Ask for Help from your Child with Autism

 

If you are a parent of a special needs child or adult you will relate to what I am about to say. We work hard all of the time and we don’t get much back in return on a daily basis. But what keeps us going is when we see our children grow and develop and that is one of the greatest gifts of all.

Brandon and I went to Dodger Stadium to celebrate my grandson’s sixth birthday. I had an extremely tough and stressful week. A dear friend choked on some food and within three days she died and we buried her. Several of my clients were experiencing very hard times and I was moving once again. Needless to say yesterday I had little to give. Just getting to the ballgame and back seemed to be more than enough for me to handle.

When Brandon got into the car he couldn’t stop talking about his new cell phone. I know how excited he gets about having a new phone. I listened and listened and then said Brandon it is my turn to talk. He continued talking. Then in a very stern voice I said, “Brandon I help you all the time and today I need your help.” I am not sure where that came from? Brandon looked at me and said, “Okay Mom, I’ll help you.” The words and the look on his face were priceless. Something wonderful had happened. Something had shifted.

Brandon got out his new phone and looked up on the GPS application to get directions to Dodger Stadium. His face lit up as he was able to retrieve the information and tell me step by step how to get to our destination. Once we arrived he was so proud of himself for accomplishing this task. When we left the game, Brandon was happy to be able carry all my belongings back to the car. He helped me at dinner by opening the restaurant door and being very polite. Being polite and using manners is something he rarely can master.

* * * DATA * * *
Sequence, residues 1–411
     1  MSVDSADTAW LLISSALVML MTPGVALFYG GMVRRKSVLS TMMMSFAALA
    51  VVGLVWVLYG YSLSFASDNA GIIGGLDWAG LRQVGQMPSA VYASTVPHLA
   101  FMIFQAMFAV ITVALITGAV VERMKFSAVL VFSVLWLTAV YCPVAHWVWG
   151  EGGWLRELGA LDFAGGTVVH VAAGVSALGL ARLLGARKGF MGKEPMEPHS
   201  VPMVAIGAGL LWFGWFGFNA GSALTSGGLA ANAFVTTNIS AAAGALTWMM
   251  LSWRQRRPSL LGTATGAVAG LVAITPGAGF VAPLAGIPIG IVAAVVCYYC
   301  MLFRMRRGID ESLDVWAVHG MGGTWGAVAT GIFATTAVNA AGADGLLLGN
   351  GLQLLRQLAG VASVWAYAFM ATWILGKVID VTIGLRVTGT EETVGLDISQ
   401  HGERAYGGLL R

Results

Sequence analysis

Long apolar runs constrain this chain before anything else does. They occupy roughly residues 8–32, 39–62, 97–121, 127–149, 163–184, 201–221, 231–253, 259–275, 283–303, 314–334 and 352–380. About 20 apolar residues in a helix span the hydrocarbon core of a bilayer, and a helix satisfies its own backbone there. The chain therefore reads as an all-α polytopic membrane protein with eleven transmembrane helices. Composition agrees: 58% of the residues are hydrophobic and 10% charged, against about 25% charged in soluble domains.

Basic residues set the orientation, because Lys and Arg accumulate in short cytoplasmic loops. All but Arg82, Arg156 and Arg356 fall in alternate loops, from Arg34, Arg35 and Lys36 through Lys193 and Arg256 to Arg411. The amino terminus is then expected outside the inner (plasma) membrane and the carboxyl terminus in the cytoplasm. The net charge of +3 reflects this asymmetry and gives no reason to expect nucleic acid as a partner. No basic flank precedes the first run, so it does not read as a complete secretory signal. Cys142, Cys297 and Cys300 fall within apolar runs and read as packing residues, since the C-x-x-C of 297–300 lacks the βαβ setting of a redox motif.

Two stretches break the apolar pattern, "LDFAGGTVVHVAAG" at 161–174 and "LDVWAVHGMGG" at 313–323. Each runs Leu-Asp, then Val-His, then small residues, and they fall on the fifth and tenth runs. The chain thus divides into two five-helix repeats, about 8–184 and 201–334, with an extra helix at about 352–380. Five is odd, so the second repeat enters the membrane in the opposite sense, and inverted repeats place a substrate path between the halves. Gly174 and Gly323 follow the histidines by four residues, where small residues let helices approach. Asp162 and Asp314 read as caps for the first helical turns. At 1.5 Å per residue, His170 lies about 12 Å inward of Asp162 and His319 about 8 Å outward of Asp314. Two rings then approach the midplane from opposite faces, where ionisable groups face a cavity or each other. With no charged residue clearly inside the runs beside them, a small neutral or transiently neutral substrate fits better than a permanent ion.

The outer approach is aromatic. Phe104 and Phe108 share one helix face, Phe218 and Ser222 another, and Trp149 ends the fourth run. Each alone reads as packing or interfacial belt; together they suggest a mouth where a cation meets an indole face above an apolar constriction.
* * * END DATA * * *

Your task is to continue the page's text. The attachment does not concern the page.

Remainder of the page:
Brandon appeared delighted to help. Finally he had an opportunity to do something for me. Why hadn’t I asked him before so directly. He wanted to make me feel better the same way I have helped him all these years. I saw a new depth into Brandon something I had never seen before. Maybe Brandon just had to know how much I needed him as he needs me. We seemed to be on a leveled playing field for the very first time. Although I am still Mom he is now an equal. He is learning how to help me when I am down just as I have helped him.

From now on I will ask Brandon for help and assistance without thinking whether he can or can’t do it. I have been short-changing my son by never including him in my difficult days when I needed help. Now we have more in common. We both have good and bad days and it is okay to feel that way.
By showing Brandon and telling him how I feel it gives him permission to be himself and he now knows that everyone’s moods change. One day we can be up and the next day we can be down. Life is always changing.

I hope you will ask your special needs child or adult for help and see what happens. You too may be pleasantly surprised.

Amalia Starr on Twitter
Amalia Starr
Mother to an independent autistic adult son, Motivational Speaker, Author, and Creator of Autism Independence Project. Book Amalia to speak, call 800-939-1046.
Amalia Starr

Amalia Starr

Mother to an independent autistic adult son, Motivational Speaker, Author, and Creator of Autism Independence Project. Book Amalia to speak, call 800-939-1046.

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